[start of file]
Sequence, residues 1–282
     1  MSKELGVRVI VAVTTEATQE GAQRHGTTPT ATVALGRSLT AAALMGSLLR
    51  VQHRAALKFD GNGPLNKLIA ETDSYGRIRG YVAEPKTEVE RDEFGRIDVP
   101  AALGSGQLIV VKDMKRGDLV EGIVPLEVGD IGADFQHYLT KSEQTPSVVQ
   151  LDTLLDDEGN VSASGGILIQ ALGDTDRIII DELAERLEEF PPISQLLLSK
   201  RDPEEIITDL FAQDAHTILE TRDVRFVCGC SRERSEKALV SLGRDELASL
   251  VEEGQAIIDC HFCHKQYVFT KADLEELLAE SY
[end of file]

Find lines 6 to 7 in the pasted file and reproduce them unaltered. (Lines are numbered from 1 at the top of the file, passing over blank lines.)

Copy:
   201  RDPEEIITDL FAQDAHTILE TRDVRFVCGC SRERSEKALV SLGRDELASL
   251  VEEGQAIIDC HFCHKQYVFT KADLEELLAE SY